Creative leadership isn’t about leaders simply becoming more creative. It’s about individuals leading for creativity. That means you, as a leader, must unlock the creative potential of people you are working with, no matter the industry. It’s your job to set the conditions for your team to generate, embrace, and execute on new ideas. All this with the help of design thinking.
Design thinking is an iterative process with a human-centered approach to innovation, that origin from the designer’s toolkits. Design thinking integrates the needs of stakeholders, technology potential, and opportunities for business success. It enables organizations to create lasting value for employers and end-consumers.
It is a powerful framework for innovation, collaboration, and product/process improvements.
There are many different design thinking methodologies and frameworks (more than 15), but usually, the design thinking process has 5 main steps:
Design thinking is way more than just “workshops.”
A Design Thinking workshop is an activity-based session built around the Design Thinking process. It can last a few hours, full day, two days, or even a full week—it all depends on the team size, context and the workshop goals.
In order to get familiar with basic principes, we suggest you to scale-down the design thinking process to 3 main steps:
The “three I” process is exploratory and as such, it is not rigid or sequential. That means you can go back to some previous phase at any time while dealing with the problem.
Each of them contains many processes that lead, step by step, to the completion of one step and moving to the next one. But, as I said, you can always consult any question you need from the previous phase.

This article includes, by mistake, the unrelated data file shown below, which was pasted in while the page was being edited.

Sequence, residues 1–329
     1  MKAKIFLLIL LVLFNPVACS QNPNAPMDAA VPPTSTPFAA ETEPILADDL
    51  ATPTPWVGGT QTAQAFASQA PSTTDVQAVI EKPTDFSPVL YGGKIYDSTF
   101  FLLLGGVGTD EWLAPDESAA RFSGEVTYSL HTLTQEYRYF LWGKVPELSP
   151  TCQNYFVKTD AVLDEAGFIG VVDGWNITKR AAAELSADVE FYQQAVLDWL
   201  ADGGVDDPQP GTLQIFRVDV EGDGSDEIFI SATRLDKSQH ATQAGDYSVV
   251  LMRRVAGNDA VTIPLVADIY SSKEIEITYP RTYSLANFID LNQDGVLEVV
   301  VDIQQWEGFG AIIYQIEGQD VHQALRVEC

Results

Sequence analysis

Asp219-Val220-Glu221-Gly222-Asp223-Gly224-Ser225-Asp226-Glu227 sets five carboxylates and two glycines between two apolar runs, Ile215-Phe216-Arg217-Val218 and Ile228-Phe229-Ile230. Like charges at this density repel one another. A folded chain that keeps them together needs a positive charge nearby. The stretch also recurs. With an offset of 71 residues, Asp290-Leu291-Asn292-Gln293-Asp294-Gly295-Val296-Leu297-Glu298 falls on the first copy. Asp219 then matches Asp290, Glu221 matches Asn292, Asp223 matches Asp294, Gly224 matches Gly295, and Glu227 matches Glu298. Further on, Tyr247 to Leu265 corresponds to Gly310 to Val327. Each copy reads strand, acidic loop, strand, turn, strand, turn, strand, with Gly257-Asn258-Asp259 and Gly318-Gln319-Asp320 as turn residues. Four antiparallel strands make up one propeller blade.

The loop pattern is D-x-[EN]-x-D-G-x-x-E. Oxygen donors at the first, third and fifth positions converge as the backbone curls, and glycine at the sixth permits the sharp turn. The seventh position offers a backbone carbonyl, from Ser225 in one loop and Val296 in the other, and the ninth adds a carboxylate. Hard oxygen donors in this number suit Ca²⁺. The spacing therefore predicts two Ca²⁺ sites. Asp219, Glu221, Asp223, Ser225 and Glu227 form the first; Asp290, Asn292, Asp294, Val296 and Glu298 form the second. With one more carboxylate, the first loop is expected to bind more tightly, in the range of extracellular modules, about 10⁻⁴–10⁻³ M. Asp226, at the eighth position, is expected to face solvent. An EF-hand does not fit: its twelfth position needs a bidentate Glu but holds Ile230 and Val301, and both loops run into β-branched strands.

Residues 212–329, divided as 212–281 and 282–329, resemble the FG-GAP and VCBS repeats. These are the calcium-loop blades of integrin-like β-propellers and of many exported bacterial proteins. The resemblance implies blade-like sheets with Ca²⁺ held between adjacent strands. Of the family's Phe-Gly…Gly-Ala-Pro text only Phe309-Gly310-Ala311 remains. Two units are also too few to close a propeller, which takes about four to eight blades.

This step includes the identification and definition of the business problem or the opportunity. The best thing is to answer as many questions as you can and make the problem less confusing and abstract. Here are some examples of questions you can make:
For this phase you need to create a very comfortable environment for each team member: a very free and pleasant atmosphere, where people will have great psychological security. Holding a curious mindset is a great starting point when you’re leading a team.
Unlock your creative potential! Now when you have the issue you are facing well defined, you can start with the process of brainstorming.
During this process you and your team should investigate the ways you can solve the problem and generate as many ideas as you can. It is very important to have in mind what expected user value and the final user's needs.
When you’ve finished presenting different solutions, you should organize and synthesize the information. You can pick the best ideas with your team, by discussing the flaws and advantages of each one. Then you start to design prototypes, which will help you try out your ideas and communicate them with the external users (people that don’t have to do anything with the process). They will help you understand which idea they see as the most useful solution for the presented problem.
We recommend that prototypes are low-fidelity in order to optimize time and resources.
This process includes picking up the best low-fidelity prototype and designing experiences (high-fidelity prototype). Then you start validating concepts with test users (internal stakeholder testing, focus groups, etc) and figuring out what works and what does not. You need to be sure that your product concept has value-proposition for end-users, and that it would be possible to achieve product-market fit. As you gain valuable insights and feedback, you need to go back to the drawing board and improve and adapt your prototype.
If you want to learn more, Creitive is offering Design Thinking training services